BP oil spill, technological disaster, environmental devastation, Hurricanes Katrina and Rita, cumulative adversity, qualitative methods


The BP Deepwater Horizon oil spill is recognized as the largest marine oil spill in U.S. history. In this article, we examine the impact of the BP oil spill on directly affected commercial fishers and indirectly affected residents of the greater New Orleans metropolitan area. A sample of 148 participants responded to an open-ended question on the impact of the oil spill on self, family, and their community at least 12 months after the oil spill began. Content analysis of their narrative text yielded four emergent themes which we present here: 1) Economic Impact on the Seafood Industry and Local Businesses; 2) Commercial Fishers’ Financial Future; 3) BP’s Response: “Making it Right” or Making it Worse?; and 4) Lingering Worries and Fears: Threats to Fishers’ Health and Lifestyle. Implications of these findings for individuals and families exposed to a decade of natural and technological disasters are considered.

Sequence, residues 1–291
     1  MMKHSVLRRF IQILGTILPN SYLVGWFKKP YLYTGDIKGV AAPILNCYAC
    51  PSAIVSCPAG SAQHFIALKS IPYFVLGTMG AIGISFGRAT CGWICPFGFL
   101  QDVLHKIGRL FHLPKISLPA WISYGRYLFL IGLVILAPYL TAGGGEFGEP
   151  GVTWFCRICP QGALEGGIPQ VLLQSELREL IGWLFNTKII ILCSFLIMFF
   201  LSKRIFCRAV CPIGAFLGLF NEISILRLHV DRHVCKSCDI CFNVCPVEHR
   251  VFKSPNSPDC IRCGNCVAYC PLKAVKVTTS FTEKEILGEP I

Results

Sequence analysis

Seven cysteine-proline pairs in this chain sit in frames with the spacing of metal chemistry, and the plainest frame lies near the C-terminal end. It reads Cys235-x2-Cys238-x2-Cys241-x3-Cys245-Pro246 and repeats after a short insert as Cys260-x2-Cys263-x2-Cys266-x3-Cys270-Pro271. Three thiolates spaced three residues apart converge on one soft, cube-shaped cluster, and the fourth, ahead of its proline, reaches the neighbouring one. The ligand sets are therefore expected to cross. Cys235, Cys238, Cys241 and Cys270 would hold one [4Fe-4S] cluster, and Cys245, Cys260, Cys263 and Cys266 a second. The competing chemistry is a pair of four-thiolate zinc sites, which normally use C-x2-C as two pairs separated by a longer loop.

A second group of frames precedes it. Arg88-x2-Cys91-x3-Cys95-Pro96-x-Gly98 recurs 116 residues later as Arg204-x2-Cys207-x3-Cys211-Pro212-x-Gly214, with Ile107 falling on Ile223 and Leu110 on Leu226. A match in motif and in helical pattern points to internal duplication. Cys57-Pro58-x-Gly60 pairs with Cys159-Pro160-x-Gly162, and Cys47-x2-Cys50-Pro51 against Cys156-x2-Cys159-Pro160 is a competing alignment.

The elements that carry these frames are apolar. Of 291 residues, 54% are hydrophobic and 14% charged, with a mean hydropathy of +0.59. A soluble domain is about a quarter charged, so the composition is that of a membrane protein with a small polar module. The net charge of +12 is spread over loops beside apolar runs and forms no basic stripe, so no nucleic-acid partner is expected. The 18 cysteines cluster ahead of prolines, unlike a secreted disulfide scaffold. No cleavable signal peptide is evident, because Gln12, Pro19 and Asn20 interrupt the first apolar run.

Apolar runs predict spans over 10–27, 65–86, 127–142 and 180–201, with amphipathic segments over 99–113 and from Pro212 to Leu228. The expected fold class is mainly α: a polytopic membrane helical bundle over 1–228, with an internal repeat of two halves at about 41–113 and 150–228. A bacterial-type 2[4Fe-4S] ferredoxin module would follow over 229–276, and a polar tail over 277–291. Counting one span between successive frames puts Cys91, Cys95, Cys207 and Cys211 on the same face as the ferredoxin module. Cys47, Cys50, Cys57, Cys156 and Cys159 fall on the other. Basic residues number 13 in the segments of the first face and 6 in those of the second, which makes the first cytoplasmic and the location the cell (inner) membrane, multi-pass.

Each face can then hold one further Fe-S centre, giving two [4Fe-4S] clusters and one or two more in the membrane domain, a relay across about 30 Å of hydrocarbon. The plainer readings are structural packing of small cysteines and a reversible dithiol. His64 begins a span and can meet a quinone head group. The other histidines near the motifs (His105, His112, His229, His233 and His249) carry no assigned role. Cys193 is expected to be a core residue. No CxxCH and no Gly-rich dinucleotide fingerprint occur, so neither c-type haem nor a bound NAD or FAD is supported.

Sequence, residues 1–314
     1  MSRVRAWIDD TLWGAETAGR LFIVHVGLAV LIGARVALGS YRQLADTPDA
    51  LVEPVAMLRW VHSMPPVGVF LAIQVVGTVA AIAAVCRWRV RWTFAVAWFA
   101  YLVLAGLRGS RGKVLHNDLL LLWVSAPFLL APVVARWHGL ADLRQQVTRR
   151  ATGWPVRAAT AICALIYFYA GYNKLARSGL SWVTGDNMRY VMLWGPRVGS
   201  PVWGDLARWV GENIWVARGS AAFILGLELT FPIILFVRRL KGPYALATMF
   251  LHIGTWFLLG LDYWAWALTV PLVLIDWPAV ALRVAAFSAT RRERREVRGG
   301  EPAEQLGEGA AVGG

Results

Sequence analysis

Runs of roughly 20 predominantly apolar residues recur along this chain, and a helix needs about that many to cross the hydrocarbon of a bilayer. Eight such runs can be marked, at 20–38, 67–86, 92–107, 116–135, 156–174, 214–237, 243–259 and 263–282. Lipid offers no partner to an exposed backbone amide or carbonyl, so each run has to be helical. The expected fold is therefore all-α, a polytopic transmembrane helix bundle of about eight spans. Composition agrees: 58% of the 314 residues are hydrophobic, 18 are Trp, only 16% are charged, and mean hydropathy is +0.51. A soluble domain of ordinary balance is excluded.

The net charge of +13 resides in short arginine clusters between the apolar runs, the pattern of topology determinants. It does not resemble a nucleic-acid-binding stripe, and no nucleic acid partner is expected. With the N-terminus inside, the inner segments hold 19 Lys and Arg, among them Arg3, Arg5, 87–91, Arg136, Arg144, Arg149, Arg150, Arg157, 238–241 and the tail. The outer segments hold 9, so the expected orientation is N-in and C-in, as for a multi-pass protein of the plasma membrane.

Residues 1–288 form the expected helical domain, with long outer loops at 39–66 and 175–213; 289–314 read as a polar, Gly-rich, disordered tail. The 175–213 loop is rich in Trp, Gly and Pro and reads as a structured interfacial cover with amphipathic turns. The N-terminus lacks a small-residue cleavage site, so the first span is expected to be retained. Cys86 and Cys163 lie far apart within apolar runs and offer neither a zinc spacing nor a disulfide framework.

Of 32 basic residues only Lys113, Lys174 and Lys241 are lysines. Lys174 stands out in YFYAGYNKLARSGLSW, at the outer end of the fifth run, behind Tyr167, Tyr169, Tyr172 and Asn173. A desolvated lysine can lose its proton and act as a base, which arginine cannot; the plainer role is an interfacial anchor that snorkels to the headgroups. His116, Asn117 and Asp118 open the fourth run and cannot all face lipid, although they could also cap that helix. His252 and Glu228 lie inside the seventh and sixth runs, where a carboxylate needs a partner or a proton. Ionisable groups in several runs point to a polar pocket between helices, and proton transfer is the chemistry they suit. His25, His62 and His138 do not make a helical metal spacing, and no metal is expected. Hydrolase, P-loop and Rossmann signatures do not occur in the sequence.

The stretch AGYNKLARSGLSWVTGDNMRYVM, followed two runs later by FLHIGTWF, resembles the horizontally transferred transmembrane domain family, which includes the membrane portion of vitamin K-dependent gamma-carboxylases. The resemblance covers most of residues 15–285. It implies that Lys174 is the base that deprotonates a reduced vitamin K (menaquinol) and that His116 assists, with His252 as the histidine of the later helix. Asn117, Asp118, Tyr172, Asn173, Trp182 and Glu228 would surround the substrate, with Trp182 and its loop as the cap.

Original Publication Citation

Cherry, K. E., *Lyon, B. E., Marks, L. D., Nezat, P. F., *Adamek, R., Walsh, S. D., Fitzgerald K., Anbinder, D. R., & Bernacchio, C. V. (2015). After the BP Deepwater Horizon Oil Spill: Financial and health concerns among coastal residents and commercial fishers. Current Psychology, 34, 576-586.

Document Type

Peer-Reviewed Article

Publication Date



Current Psychology




Family, Home, and Social Sciences


Family Life

University Standing at Time of Publication

Full Professor